Overview

Martin Heinrich Klaproth

(1743—1817) German chemist


Show Summary Details

Quick Reference

(1743–1817) German chemist

Born in Wernigerode, Germany, Klaproth was apprenticed as an apothecary. After working in Hannover and Danzig he moved to Berlin where he set up his own business. In 1792 he became lecturer in chemistry at the Berlin Artillery School and in 1810 he became the first professor of chemistry at the University of Berlin.

His main fame as a chemist rests on his discovery of several new elements. In 1789 he discovered zirconium, named from zircon, the mineral from which it was isolated. In the same year he extracted uranium from pitchblende and named it for the newly discovered planet, Uranus. He also rediscovered titanium in 1795, about four years after its original discovery, and discovered chromium in 1798. Klaproth used the Latin tellus (earth) in his naming of tellurium (1798), which had been discovered by the Austrian geologist Franz Joseph Muller (1740–1825) in 1782. In 1803 he discovered cerium oxide, named for the newly discovered asteroid, Ceres.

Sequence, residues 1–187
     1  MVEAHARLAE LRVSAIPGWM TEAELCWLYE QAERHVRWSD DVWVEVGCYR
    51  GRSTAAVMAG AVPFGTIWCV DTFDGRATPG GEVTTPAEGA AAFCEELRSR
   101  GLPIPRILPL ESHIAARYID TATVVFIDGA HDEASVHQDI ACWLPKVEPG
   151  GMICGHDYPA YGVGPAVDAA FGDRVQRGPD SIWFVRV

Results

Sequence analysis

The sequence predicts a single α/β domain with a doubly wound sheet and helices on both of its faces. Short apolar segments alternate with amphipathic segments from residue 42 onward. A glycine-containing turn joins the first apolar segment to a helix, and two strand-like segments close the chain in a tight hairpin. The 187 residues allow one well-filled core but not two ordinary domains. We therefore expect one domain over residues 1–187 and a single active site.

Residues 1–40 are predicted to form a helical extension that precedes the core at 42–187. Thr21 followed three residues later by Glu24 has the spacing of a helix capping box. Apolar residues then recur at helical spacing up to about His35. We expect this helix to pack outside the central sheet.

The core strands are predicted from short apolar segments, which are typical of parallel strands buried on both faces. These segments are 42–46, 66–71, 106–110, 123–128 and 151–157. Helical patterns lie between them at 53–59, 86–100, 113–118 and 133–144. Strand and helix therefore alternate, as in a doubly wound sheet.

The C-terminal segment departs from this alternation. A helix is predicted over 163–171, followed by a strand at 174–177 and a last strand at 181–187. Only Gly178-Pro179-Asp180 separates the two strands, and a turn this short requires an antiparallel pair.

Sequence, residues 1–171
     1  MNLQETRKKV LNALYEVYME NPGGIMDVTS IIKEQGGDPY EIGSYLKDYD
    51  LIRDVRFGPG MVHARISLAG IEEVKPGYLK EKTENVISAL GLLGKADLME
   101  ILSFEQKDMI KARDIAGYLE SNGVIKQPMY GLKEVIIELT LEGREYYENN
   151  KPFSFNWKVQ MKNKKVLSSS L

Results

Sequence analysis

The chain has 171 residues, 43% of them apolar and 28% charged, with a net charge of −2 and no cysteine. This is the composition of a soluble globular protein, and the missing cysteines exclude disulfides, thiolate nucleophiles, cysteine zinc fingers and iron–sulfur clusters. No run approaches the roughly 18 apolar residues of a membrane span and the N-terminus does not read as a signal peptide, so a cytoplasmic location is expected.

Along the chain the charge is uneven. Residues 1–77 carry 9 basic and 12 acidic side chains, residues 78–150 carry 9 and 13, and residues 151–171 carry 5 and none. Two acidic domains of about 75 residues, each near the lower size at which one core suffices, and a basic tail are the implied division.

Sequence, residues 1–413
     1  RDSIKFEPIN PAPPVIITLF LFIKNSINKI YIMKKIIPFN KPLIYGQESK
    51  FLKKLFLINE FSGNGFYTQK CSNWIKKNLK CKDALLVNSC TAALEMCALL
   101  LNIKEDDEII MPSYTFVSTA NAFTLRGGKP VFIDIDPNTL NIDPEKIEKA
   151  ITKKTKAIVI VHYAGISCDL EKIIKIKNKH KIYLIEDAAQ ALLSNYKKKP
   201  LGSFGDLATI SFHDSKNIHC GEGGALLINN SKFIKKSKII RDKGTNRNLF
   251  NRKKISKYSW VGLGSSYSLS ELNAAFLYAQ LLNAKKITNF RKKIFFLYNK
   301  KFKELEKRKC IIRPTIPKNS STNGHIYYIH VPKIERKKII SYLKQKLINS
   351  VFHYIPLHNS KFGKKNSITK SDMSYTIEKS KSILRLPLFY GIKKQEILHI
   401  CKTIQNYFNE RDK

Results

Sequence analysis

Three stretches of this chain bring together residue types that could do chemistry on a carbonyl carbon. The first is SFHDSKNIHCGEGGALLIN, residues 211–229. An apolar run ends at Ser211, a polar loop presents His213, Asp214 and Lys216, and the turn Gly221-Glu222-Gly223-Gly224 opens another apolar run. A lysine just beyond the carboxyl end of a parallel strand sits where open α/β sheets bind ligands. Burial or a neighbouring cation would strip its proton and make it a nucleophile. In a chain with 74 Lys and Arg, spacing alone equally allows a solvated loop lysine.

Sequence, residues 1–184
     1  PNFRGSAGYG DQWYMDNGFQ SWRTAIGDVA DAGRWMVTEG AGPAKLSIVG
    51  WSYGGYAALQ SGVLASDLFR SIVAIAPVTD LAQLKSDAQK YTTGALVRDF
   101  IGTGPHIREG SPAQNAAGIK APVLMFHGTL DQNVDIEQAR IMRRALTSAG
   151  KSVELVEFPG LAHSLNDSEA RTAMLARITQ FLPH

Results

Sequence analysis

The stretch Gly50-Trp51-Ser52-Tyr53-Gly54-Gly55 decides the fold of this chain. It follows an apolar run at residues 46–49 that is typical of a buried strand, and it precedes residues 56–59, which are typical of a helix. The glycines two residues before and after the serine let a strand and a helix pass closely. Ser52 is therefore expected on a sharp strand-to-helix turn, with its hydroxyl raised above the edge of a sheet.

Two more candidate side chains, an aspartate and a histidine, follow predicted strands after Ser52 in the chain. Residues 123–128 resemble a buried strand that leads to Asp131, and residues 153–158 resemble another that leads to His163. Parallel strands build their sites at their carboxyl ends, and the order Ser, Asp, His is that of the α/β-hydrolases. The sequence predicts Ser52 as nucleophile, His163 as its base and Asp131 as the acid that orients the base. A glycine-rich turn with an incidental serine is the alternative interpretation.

Subjects: Science and Mathematics.


Reference entries

Users without a subscription are not able to see the full content. Please, subscribe or login to access all content.